Themes and Meanings
There are a number of significant themes in “Meditation on a Memoir.” First, the memoir is a common theme for Cunningham. In “To a Student,” he distinguishes memoirs from fiction: “Fiction is fiction: its one theme/ Is its allegiance to its scheme./ Memoir is memoir: there your heart/ Awaits the judgment of your heart.” Fiction is an imaginative creation that is true to its “scheme” or art. Memoirs subordinate art and design to one’s “heart.” Fiction is a classical form, while a memoir is a Romantic form.
Will is another important theme. Cunningham uses will in the Shakespearean sense: It represents people’s untrammeled desires that must be controlled by reason and conscience. Cunningham wrote a critical essay on a phrase by Hamlet to his mother: “Reason panders wills.” In this example, reason should guide but instead gives license to the will to act. It is clearly an important theme to Cunningham as a Shakespearean scholar and a poet. The average reader may not realize what is at stake with the seemingly innocent first line: “Who knows his will?” Cunningham has a classical perspective on art and morality; the will should be controlled rather than exercised or revealed.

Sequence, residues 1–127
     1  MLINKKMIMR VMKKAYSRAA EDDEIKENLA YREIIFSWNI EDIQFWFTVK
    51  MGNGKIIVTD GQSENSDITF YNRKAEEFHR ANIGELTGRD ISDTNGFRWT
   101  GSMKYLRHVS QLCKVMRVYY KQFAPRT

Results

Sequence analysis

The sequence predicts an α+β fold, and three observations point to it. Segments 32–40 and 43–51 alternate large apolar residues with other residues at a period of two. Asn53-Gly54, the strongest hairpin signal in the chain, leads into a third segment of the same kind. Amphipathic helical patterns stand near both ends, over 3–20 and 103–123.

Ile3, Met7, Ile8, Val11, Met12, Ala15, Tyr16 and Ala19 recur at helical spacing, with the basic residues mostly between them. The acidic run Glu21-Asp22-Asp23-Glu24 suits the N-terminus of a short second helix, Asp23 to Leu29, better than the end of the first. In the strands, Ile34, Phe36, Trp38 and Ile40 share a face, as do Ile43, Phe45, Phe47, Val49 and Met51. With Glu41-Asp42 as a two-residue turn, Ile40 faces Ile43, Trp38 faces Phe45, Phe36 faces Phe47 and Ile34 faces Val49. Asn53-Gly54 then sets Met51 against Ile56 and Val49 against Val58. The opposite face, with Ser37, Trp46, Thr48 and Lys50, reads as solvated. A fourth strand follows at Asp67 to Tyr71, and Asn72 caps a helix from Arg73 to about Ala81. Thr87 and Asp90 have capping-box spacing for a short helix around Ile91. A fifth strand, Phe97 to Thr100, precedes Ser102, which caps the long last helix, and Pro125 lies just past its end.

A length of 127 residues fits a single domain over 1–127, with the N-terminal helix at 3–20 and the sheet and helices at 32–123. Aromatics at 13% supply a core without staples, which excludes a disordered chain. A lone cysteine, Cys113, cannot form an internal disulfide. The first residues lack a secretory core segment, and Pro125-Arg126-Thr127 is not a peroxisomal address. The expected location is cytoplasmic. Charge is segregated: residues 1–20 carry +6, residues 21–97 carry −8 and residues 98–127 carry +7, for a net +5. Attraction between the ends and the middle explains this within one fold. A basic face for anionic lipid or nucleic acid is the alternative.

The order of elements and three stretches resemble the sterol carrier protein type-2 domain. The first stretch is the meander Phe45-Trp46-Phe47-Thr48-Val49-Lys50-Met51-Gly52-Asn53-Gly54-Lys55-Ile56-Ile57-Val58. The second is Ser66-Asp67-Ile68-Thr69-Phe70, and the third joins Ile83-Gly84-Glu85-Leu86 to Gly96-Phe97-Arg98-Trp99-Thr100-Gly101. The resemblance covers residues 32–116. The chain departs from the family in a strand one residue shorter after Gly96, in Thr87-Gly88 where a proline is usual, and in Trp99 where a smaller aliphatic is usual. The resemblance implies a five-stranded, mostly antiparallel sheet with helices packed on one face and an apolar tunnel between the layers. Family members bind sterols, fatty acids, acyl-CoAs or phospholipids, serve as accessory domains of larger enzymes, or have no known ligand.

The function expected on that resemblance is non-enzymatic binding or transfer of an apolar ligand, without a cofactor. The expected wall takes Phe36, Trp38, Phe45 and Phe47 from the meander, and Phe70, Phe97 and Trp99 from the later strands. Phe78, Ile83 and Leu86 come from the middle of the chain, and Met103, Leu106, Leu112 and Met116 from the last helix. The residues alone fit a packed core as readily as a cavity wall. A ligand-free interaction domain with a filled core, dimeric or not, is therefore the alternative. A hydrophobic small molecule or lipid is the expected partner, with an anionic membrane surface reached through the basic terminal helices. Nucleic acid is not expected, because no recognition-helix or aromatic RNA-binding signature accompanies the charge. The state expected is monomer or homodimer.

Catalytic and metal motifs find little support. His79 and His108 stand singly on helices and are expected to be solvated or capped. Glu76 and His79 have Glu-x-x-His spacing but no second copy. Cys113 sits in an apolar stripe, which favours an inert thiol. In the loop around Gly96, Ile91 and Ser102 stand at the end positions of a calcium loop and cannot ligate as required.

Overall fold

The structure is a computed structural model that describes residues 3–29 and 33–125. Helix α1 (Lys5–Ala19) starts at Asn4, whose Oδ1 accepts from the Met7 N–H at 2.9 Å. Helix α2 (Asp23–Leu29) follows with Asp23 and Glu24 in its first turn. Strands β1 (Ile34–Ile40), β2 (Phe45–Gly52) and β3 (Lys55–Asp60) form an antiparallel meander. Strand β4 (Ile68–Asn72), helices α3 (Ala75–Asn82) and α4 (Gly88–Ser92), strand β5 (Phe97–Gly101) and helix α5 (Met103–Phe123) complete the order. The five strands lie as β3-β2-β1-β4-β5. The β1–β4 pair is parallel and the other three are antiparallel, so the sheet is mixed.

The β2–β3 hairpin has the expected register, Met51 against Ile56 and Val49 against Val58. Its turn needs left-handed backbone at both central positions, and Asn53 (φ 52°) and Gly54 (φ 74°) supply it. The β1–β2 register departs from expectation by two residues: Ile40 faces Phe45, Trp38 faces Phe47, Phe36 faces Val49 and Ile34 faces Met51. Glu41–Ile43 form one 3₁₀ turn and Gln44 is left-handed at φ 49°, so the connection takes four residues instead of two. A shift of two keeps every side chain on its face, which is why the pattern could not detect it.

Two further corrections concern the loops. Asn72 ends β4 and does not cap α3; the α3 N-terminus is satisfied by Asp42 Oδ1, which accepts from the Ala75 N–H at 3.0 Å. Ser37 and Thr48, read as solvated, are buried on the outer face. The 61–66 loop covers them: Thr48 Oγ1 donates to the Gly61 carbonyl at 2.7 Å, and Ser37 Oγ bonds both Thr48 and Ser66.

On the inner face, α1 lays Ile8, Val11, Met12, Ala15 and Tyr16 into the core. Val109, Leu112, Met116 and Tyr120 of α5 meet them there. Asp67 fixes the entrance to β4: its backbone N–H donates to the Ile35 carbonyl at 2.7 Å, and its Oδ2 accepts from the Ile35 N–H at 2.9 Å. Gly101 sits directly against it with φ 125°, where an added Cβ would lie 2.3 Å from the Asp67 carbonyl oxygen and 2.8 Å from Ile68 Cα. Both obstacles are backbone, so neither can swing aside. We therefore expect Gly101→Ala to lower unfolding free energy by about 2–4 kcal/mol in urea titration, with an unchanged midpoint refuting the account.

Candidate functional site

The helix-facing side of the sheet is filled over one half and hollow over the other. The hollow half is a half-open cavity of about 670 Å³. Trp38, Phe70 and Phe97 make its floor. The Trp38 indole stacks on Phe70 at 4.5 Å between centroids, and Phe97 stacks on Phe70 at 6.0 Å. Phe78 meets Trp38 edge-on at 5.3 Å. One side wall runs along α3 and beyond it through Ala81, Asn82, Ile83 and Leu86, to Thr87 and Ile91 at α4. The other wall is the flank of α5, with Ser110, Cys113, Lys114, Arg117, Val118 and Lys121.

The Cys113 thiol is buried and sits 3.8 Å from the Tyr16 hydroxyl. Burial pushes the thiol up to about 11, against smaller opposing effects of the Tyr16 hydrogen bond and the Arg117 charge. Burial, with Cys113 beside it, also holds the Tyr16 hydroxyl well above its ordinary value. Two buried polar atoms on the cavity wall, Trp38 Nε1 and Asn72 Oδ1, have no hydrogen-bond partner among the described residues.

The controlling metaphor of the poem is also directly related to the theme. The poem begins by questioning people’s abilities to know and then reveal their wills and moves to an obliteration of any control by them. They are tossed around at the will of a greater power that they are not even aware of, the “lunar senses” that “compel” their dreams. Cunningham seems to use “senses” in this passage in a very precise way. Once again it is a personification : The lunar force acts out of its own instinctual senses and, therefore, negates the will of humankind. The use of silence in the third stanza is another thematic reversal. Silence is filled with “delight” to hear people break...
(The entire section is 494 words.)